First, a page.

I am completely stuck at the following question.

Suppose $X$ is an infinite set. Show that there is a family $\mathcal{F}$ of subsets of $X$ satisfying the following:

(a) If $A \subseteq X$ is finite, then $A \in \mathcal{F}$ iff $|A|$ is even.

(b) If $A, B$ are disjoint subsets of $X$, then $A \cup B \in \mathcal{F}$ iff either $A, B $ are both in $\mathcal{F}$ or $A, B$ are both not in $\mathcal{F}$.

What I tried: I started by adding all even size sets to $\mathcal{F}$ and then tried to use Zorn's lemma but could not come up with a partial order to make it work.

Could someone give me any hints? Thanks!

  • $\begingroup$ Consider the partial order defined by inclusion on the set of all families $\mathcal{F}$ of subsets of $X$. $\endgroup$ – xyzzyz May 28 '16 at 0:06
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    $\begingroup$ @xyzzyz Your hint is too cryptic for me. The "set of all families $\mathcal F$ of subsets of $X$" has a unique maximal element, namely $\mathcal P(X)$, which indeed satisfies (b), but does not satisfy (a) unless $X=\emptyset$. $\endgroup$ – bof Feb 16 '19 at 6:18

Let $[X]^{\lt\omega}$ be the set of all finite subsets of $X$. Let $\mathcal U$ be an ultrafilter on $[X]^{\lt\omega}$ such that $\{E\in[X]^{\lt\omega}:x\in E\}\in\mathcal U$ for each $x$ in $X$. Let's say that a statement $P(E)$ holds for almost all $E\in[X]^{\lt\omega}$ if $\{E\in[X]^{\lt\omega}:P(E)\}\in\mathcal U$. Now define $$\mathcal F=\{A\subseteq X:|A\cap E|\text{ is even for almost all }E\in[X]^{\lt\omega}\}.$$ Then (a) and (b) are satisfied.

More generally: For any positive integer $n$ and any set $A$, there is a function $f:\mathcal P(A)\to\{0,\dots,n-1\}$ satisfying the conditions:
(1) $f(X)\equiv|X|\pmod n$ for every finite set $X\subseteq A$;
(2) if $X,Y\subseteq A$ and $X\cap Y=\emptyset$, then $f(X\cup Y)\equiv f(X)+f(Y)\pmod n$.

  • $\begingroup$ +1: Does this proof work for any property of finite sets? $\endgroup$ – Alberto Takase Feb 16 '19 at 9:16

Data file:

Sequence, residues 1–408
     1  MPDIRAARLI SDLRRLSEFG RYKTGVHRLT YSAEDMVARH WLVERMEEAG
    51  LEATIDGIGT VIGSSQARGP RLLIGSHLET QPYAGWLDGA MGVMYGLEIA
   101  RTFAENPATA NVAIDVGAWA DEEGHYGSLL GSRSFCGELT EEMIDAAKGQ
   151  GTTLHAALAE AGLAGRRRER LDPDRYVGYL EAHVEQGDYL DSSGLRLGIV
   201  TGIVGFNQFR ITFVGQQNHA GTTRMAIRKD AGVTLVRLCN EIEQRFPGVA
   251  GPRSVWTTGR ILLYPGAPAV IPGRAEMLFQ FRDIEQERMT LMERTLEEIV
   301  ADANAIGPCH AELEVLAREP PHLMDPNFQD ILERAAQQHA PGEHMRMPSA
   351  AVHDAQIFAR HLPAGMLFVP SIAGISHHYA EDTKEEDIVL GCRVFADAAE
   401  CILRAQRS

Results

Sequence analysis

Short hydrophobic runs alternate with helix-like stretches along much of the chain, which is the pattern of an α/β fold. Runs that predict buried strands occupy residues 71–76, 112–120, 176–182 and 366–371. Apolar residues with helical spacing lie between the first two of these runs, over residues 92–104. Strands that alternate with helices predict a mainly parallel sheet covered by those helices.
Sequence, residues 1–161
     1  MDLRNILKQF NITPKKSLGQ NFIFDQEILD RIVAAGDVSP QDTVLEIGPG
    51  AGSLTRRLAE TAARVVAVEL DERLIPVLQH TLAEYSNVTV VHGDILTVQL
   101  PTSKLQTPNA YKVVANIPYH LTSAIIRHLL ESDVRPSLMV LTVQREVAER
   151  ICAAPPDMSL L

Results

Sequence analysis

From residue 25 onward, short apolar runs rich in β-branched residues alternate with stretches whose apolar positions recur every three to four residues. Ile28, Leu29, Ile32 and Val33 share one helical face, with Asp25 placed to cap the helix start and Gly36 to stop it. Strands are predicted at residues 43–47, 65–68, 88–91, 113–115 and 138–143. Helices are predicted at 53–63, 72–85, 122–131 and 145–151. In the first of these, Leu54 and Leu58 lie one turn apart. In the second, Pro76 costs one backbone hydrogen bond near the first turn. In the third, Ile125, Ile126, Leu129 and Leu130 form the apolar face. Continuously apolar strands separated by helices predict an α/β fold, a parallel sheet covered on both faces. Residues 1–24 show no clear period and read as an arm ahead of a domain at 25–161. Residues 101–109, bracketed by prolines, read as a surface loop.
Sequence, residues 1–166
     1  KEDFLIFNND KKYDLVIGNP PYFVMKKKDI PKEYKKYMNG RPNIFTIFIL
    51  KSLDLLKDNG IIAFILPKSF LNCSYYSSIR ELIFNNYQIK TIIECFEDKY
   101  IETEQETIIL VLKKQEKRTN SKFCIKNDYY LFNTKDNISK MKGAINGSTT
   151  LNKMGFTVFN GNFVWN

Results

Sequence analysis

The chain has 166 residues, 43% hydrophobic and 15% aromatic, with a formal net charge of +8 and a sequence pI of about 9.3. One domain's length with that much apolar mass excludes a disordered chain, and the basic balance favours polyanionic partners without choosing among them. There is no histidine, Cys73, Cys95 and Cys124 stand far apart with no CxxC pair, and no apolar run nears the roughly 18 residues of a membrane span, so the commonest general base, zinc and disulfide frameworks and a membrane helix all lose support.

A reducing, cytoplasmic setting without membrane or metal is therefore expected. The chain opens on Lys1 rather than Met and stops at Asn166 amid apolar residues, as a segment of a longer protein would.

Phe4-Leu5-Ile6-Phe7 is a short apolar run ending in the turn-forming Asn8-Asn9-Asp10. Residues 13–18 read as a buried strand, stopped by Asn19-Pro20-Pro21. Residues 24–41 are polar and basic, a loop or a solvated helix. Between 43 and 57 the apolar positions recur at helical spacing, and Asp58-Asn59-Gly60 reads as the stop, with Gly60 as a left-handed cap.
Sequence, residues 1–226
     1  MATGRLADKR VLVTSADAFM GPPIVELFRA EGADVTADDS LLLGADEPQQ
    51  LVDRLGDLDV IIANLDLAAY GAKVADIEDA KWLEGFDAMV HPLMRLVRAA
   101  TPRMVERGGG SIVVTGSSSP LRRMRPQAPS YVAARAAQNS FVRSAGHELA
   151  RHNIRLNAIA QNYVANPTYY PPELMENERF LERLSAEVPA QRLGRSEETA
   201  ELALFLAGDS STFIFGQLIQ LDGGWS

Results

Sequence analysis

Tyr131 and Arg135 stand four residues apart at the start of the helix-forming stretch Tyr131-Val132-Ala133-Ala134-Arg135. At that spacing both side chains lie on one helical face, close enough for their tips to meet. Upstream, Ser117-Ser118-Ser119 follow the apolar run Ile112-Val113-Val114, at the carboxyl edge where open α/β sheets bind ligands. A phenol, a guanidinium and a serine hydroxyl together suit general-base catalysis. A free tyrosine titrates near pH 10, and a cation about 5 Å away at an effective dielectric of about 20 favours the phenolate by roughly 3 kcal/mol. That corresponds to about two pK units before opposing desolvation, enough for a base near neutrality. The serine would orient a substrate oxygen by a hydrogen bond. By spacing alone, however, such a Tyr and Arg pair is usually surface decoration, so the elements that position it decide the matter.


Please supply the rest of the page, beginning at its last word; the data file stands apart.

• $\begingroup$ Not sure what generalization you have in mind. What exactly do you want to hold for any property of finite sets? $\endgroup$ – bof Feb 16 '19 at 9:27
  • $\begingroup$ An example of a property I have in mind (substituting "is even") is "the elements are pairwise comparable (given an established ordering)". I'm trying to connect the ideas I learned from this proof to the well-ordering theorem or more interestingly/plausible Teichmuller-Tukey lemma. $\endgroup$ – Alberto Takase Feb 16 '19 at 9:35
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    $\begingroup$ To the proposer: Zorn's Lemma is "hidden" in the existence of the ultra-filter. $\endgroup$ – DanielWainfleet Feb 16 '19 at 9:50
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    $\begingroup$ @DanielWainfleet Maximality is automatic: one family satisfying (a) and (b) can't be contained in another. $\endgroup$ – bof Feb 17 '19 at 23:44

Have you considered the following?

$$\mathcal{F}:=\{A\subseteq X:\#A\in2\mathbb{N}\text{ or ($A$ is infinite and $\#(X\setminus A)\in 2\mathbb{N}$})\}$$

Let me know if you need more details.

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    $\begingroup$ I definitely missed the nuance of this question... I am in progress of finding a better idea $\endgroup$ – Alberto Takase Feb 16 '19 at 6:26
  • $\begingroup$ Not sure I understand your updated answer. If $A$ and $X\setminus A$ are both infinite, I guess that means $A\notin\mathcal F$? But then what if you partition $A$ into two disjoint sets $X$ and $Y$, you will have $X\notin\mathcal F$, $Y\notin\mathcal F$, and $X\cup Y\notin\mathcal F$, right? $\endgroup$ – bof Feb 16 '19 at 7:23
  • $\begingroup$ yeah currently it doesn't work $\endgroup$ – Alberto Takase Feb 16 '19 at 7:23
  • $\begingroup$ Thank you for that comment. I was about to ponder for too long before considering that possibility! $\endgroup$ – Alberto Takase Feb 16 '19 at 7:28

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